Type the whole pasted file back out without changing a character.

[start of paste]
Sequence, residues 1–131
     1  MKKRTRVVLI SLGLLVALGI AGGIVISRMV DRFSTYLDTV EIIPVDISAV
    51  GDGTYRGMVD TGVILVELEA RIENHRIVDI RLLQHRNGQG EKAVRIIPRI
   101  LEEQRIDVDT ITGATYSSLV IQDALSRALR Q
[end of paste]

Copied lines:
Sequence, residues 1–131
     1  MKKRTRVVLI SLGLLVALGI AGGIVISRMV DRFSTYLDTV EIIPVDISAV
    51  GDGTYRGMVD TGVILVELEA RIENHRIVDI RLLQHRNGQG EKAVRIIPRI
   101  LEEQRIDVDT ITGATYSSLV IQDALSRALR Q